* Full-year underlying pretax profit 665 mln stg, down 3.2 pct
* Targeting profit improvement in 2013/14
* Forecasts “more material improvements” from 2014/15
* CEO says has investor backing, “timescales irrelevant”
* Shares up 4.9 pct (Adds CEO, analyst comments, updates shares)
By James Davey
LONDON, May 21 (Reuters) - British retailer Marks & Spencer posted its lowest annual profit since 2009, hit by a drop in clothing sales, and said growth this financial year would be held back by investment in its online business and logistics.
The 129-year-old company, battling to reverse seven straight quarters of falling underlying sales in clothing and homewares, said it expects a stronger performance next year, when new fashion ranges deliver results and capital spending falls.
At that point, it would look at improving returns for shareholders, the company said on Tuesday.
Mark Bolland, chief executive since 2010, said the board and investors supported the company’s plan and he refused to be drawn on whether he would consider his position if M&S’s fortunes do not improve within 12 months.
“Timeframes that you put out are irrelevant,” he told reporters, adding that investors are “voting with their feet” - a reference to the company’s share price rise.
M&S shares, up about 30 percent over the past year amid periodic bouts of bid speculation, hit a five-year high last week after the unveiling of its autumn/winter clothing range. By 1536 GMT on Tuesday, they were up 4.9 percent at 462 pence, still well down on their 2007 highs of more than 750 pence.
“Lower capex (capital spending) guidance for 2013/14 onwards ... could mean improved dividends, share buybacks or even a one-off payout,” Panmure Gordon analyst Jean Roche said.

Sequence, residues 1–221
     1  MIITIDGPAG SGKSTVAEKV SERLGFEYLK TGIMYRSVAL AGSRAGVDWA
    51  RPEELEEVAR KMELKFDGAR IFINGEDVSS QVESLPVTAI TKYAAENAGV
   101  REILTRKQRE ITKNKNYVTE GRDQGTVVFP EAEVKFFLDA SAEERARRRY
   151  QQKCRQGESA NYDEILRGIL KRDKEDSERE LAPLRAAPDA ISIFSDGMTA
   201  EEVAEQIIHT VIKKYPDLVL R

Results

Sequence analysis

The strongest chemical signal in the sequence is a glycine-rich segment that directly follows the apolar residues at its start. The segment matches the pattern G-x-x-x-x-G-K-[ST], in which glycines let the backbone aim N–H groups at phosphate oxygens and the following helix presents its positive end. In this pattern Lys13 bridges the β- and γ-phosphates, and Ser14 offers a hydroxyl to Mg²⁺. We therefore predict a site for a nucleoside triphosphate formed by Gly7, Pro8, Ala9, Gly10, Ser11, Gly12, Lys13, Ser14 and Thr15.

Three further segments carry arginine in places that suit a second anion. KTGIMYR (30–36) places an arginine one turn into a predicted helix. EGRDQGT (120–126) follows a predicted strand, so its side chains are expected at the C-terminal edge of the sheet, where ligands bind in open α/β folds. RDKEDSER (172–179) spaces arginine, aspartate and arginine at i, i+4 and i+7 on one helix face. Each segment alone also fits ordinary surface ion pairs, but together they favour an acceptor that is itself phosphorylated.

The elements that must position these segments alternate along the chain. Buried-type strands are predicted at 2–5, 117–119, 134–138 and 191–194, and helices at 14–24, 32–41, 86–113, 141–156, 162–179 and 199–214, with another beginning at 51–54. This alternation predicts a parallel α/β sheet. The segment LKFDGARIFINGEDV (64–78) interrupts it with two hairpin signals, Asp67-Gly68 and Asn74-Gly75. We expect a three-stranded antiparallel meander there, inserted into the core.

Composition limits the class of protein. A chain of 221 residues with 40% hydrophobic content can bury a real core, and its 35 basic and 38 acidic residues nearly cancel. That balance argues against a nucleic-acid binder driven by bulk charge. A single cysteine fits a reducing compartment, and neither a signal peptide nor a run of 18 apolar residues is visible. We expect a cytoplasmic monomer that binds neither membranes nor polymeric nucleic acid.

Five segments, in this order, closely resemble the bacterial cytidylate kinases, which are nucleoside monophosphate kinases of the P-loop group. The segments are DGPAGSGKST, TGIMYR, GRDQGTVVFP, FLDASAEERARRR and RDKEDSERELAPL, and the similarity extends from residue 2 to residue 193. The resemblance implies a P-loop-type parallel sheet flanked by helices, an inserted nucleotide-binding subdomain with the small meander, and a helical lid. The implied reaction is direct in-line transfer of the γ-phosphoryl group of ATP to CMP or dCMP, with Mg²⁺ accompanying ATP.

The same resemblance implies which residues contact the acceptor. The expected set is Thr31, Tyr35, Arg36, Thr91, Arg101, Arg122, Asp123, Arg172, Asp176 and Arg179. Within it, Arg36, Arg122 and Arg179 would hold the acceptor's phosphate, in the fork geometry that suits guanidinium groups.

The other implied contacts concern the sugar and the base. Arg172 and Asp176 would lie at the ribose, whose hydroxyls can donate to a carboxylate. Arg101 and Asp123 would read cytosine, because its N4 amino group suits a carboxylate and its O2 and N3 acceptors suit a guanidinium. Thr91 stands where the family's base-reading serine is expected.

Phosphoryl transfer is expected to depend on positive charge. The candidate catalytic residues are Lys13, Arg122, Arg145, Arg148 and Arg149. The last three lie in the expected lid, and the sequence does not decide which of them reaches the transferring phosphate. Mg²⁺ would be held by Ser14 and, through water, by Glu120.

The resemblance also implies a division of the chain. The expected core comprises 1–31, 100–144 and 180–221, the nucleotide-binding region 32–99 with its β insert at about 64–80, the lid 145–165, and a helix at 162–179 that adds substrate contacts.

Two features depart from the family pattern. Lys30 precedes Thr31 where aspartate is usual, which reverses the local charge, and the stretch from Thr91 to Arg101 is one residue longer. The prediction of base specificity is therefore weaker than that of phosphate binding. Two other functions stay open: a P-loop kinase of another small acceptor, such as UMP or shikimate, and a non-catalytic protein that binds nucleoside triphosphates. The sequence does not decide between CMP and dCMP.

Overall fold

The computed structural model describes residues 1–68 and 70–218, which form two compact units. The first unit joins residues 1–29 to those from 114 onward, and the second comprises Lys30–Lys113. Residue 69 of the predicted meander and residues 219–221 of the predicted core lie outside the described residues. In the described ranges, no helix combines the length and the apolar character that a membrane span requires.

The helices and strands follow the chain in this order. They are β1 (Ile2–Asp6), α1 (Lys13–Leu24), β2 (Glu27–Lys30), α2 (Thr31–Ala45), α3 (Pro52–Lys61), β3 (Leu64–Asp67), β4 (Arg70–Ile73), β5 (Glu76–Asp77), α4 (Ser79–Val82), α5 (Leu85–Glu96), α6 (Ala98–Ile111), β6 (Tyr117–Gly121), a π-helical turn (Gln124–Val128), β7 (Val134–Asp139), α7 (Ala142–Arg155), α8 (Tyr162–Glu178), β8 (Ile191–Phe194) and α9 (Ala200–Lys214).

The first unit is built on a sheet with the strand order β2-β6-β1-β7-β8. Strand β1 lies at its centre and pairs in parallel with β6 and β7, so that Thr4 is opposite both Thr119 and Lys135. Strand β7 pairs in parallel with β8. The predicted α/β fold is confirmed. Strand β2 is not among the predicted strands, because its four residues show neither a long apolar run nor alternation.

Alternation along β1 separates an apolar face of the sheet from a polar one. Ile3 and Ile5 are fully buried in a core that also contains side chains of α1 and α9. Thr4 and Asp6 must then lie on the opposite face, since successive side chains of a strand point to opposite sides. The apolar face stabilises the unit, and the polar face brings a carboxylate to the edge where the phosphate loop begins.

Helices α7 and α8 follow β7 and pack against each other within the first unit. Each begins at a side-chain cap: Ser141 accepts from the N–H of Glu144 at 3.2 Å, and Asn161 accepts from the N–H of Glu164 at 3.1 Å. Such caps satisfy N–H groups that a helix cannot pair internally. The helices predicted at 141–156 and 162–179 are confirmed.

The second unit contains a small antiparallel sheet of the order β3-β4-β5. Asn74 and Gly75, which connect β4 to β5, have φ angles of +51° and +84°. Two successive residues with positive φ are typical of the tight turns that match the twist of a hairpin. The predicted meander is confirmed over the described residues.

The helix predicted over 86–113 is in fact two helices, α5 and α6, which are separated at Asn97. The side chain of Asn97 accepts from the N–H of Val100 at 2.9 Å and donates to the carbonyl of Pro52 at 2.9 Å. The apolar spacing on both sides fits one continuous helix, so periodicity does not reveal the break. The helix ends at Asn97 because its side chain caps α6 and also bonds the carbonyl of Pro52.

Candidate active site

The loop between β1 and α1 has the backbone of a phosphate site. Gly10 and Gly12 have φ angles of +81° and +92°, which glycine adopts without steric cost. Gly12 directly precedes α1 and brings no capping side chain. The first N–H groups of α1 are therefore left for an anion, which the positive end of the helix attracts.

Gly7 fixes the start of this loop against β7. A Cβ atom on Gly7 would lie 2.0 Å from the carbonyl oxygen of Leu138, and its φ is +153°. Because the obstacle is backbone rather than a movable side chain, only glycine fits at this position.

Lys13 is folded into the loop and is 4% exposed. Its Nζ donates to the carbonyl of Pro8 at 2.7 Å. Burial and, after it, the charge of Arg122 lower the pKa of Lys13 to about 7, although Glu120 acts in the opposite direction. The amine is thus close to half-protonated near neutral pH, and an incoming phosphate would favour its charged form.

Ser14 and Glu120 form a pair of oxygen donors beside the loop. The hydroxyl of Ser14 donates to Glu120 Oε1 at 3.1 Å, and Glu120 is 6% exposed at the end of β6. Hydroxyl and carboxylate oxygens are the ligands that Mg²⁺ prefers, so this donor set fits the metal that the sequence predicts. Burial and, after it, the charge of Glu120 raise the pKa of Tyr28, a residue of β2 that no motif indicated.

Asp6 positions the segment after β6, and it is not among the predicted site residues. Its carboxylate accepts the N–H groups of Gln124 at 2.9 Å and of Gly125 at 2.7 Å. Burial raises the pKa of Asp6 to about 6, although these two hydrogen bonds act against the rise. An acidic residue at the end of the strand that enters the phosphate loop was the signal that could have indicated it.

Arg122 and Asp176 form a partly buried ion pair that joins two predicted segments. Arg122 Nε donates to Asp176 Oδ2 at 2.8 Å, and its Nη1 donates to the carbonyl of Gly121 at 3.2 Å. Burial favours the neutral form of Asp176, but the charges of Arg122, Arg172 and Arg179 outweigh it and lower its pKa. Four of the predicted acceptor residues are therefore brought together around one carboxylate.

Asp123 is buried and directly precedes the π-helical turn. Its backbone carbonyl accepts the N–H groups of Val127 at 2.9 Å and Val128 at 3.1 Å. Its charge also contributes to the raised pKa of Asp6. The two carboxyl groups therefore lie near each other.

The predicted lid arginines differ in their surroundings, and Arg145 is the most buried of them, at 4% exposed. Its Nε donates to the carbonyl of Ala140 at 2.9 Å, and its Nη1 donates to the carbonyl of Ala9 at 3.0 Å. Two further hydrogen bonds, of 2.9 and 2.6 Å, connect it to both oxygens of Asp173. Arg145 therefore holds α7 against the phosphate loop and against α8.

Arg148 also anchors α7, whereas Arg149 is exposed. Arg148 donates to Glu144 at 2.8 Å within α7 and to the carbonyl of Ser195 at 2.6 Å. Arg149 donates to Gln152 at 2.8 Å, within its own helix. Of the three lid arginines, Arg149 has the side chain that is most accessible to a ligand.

M&S aims to become an international multi-channel retailer, connecting with customers through stores, the internet and mobile devices. It is spending about 2.3 billion pounds ($3.5 billion) over three years on store revamps, logistics, IT and systems, as well as selective investment overseas.
But it has struggled in a faltering British economy and lost market share in its core womenswear business.
The profit fall, which was cushioned by a rise in sales at its upmarket food business, is likely to affect Bolland’s annual bonus, though he declined to comment on this.
Bolland is pinning his hopes on a new clothing strategy based on more stylish and higher-quality garments. Though the autumn/winter ranges unveiled last week by his new general merchandise team received generally positive reviews, some analysts remain sceptical.
“There are clear execution risks in the plan in general merchandise, no guarantee that international will improve this year and we remain concerned that food is beginning to run short of self-help,” Credit Suisse analysts said.
Bookmaker Ladbrokes cut its odds on Bolland being out of a job before the year’s end, to 1:2 from 8:11.
M&S also said it had appointed Patrick Bousquet-Chavanne as its new marketing director. Bousquet-Chavanne, currently corporate director of strategy implementation and business development, will succeed Steven Sharp in July.
Sharp has held the role since 2004 and will stay on as creative director until February. “There’s no conspiracy theory here; this is genuinely in everybody’s interest,” he said.
M&S, which serves 21 million shoppers a week from more than 700 UK stores, made a profit before tax and one-off items of 665.2 million pounds in the year to March 30 on sales up 1.3 percent to 10 billion pounds.
The profit is down 3.2 percent on 2011/12 and compared with a consensus forecast of 658 million pounds in a poll of analysts published on the company’s website.
The annual dividend was kept at 17 pence a share.
The group forecast an “underlying profit improvement” in the 2013/14 year but cautioned that it expects about 30 million pounds of non-recurring dual-running costs as a result of the transition to a new web platform and the opening of a distribution centre in Castle Donington, central England.
M&S forecast that capital spending would be 775 million pounds in 2013/14, down from previous guidance of 850 million pounds, and about 550 million pounds in 2014/15, down from 600 million previously. ($1 = 0.6570 British pounds) (Editing by Mark Potter and David Goodman)